Exactly five weeks until Ugandans are given the choice to elongate or curtail President Yoweri Museveni‘s 34-year reign, the only female presidential candidate among the 10 looking to unseat the 76-year-old granted a TV interview in which she revealed that her campaign was broke.
On Thursday night, Nancy Kalembe told Ugandans that her campaign had been hit by financial challenges which would mean that she would have to re-strategize but not necessarily pull out of the race. Earlier in the day, she had posted a thread of tweets asking her supporters to chip in through official mobile wallet accounts.
This would not be the first time Kalembe’s presidential hopes have hit a snag due to a lack of funds. In November, the country’s elections regulatory board had to turn her away from a national event after she failed to show evidence of paying the non-refundable 20 million Ugandan shillings, about $5,400, as election filing fee.
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But Kalembe seems to have put the embarrassment behind her and wishes to forge on. In a recent interview with Monitor, one of Uganda’s biggest news outlets, the 40-year-old mother of two expressed the desire to see the national conversation focus on the issues that matter to Ugandans although she did not hide her frustrations with how expensive it is to run for the top job.
“Someone recently asked me a question: “You mean you went into elections and do not have money? I believe in order to run for the highest office, one does not need a lot of money, so, if you can help me, please go right ahead. If you cannot, then, please pray for me,” Kalembe told the newspaper.
Kalembe is a deeply religious woman who, on one hand, may appear simply as a product of her religiously conservative East African country. On the other, we are also speaking of a politician who lists faith as one of her seven cardinal points of attention if she should become president.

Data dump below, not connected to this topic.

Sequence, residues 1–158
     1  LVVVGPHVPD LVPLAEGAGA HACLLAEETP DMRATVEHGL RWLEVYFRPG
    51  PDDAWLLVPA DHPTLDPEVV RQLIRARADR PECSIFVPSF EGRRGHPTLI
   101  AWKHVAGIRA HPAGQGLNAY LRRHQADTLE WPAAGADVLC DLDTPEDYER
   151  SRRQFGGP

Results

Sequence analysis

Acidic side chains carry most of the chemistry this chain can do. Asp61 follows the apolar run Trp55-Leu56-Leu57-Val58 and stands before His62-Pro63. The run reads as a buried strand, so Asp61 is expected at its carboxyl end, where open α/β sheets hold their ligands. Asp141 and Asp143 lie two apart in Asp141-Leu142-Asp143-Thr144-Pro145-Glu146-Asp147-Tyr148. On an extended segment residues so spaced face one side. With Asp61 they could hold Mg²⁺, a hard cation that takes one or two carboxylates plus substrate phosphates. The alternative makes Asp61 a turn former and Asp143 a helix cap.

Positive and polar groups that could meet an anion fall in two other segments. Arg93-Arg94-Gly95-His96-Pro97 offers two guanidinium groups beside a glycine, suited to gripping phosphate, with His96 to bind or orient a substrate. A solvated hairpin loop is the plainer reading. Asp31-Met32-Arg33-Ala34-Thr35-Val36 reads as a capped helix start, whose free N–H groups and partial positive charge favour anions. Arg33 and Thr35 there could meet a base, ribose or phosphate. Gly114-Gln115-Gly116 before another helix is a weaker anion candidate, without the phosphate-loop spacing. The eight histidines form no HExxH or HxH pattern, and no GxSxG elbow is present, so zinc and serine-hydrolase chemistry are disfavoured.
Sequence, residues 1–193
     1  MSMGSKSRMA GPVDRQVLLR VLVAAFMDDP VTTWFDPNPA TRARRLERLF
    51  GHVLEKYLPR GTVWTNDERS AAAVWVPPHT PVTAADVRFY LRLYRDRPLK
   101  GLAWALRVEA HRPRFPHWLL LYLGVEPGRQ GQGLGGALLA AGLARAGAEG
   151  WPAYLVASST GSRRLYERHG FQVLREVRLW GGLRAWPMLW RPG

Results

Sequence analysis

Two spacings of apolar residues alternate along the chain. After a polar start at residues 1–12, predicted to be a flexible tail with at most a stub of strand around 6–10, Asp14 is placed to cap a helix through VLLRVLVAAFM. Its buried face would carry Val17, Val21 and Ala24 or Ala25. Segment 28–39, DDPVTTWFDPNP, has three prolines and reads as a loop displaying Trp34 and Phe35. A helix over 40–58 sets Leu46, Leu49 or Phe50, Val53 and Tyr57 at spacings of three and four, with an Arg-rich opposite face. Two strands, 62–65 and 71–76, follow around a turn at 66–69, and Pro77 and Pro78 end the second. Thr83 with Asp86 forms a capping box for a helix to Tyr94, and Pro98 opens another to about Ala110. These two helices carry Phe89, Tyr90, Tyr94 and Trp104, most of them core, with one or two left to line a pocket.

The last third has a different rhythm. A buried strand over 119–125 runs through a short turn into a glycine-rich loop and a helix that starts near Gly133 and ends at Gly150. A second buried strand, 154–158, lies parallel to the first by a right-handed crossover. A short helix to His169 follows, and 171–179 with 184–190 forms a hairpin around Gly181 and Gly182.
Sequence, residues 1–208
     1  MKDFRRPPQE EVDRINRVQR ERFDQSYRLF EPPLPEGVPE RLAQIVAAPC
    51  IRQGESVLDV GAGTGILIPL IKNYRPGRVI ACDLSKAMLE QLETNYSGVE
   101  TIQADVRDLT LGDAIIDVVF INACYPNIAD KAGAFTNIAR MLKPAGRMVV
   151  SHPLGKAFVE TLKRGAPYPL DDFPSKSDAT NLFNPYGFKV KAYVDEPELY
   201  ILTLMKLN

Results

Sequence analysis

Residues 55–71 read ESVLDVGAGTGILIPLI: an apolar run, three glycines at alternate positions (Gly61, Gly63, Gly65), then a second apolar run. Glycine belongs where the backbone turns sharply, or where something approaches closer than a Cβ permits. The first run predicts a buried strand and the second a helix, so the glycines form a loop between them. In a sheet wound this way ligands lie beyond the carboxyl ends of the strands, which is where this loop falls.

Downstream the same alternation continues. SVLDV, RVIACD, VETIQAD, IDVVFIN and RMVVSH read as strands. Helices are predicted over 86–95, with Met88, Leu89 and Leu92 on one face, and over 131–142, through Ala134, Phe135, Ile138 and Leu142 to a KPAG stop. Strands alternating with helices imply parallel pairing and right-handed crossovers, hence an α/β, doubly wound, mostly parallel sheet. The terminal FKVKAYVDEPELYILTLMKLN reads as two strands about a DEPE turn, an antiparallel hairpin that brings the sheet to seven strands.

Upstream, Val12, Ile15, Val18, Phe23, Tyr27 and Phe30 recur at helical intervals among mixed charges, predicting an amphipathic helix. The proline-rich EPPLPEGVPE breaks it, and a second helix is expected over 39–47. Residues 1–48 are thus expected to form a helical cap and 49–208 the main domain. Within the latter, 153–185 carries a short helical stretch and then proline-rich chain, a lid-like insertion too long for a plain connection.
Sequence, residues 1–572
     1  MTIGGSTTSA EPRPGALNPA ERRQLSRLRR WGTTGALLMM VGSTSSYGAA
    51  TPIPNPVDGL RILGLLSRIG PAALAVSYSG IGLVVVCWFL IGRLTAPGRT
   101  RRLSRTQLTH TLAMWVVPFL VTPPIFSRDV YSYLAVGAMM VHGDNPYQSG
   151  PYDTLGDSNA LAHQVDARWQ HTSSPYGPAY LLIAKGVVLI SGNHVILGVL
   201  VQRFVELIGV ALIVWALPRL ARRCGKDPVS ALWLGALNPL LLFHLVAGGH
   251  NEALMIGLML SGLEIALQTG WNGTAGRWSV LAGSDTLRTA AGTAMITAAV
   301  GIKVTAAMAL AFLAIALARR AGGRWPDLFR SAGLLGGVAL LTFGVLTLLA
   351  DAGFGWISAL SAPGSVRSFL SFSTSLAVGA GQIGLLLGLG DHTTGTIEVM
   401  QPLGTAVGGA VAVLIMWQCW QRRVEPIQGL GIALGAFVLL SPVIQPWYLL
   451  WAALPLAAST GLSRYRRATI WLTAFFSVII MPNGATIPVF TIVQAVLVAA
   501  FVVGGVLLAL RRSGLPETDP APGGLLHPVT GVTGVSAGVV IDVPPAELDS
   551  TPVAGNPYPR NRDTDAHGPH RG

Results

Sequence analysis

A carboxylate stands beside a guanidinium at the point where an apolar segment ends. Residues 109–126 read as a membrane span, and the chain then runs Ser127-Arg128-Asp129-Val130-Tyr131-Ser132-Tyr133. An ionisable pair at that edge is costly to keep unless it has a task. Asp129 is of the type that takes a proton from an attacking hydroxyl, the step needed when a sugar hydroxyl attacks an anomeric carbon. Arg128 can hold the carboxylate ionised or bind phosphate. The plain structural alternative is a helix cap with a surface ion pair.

“My manifesto is hinged on 7 aspects: Faith, family, education, economy, media & communication, arts & entertainment and leadership,” she said in a recent TV interview.
She does not hide the fact that her Christian principles guide her politics. Nonetheless, Kalembe believes the task of putting Uganda to work is a very physicalist exercise of confronting the national debt, unemployment as well as fighting what she has called “artificial poverty”, the state of income and wealth disparities she believes is intentioned by Museveni’s government.
Her philosophical inspiration for politics is José Mujica, Uruguay’s farmer-turned president who became famous for donating the lion’s share of his salaries and instituting pro-poor policies. For most African citizens, Mujica sounds like that which would never happen in their countries, and Kalembe understands the reasons for this severe lack of hope and the pungence of cynicism.
Politics may not have been a turn we are used to for a woman who was once a contestant on Miss Uganda, a one-time actress, and also a former news anchor on Ugandan TV. But stereotypes cannot hold back the ideas she wishes to actualize for the sake of her country. She holds a Bachelor of Science in Population Studies and is capable of espousing her agenda quite clearly.
Running for a job in an African country with 10 other men is its own race but Kalembe promises that does not worry her. She is not one of people’s favorite, frankly. Those berths belong to the incumbent president and Robert Ssentamu, – also known as Bobi Wine – a man who has himself incurred the wrath of power by daring to run for the presidency.
The election is a tall order for Kalembe. But whatever the polls say after January 14, 2021, she would hope she has pushed the boundaries of the imaginable for her nearly 43 million compatriots.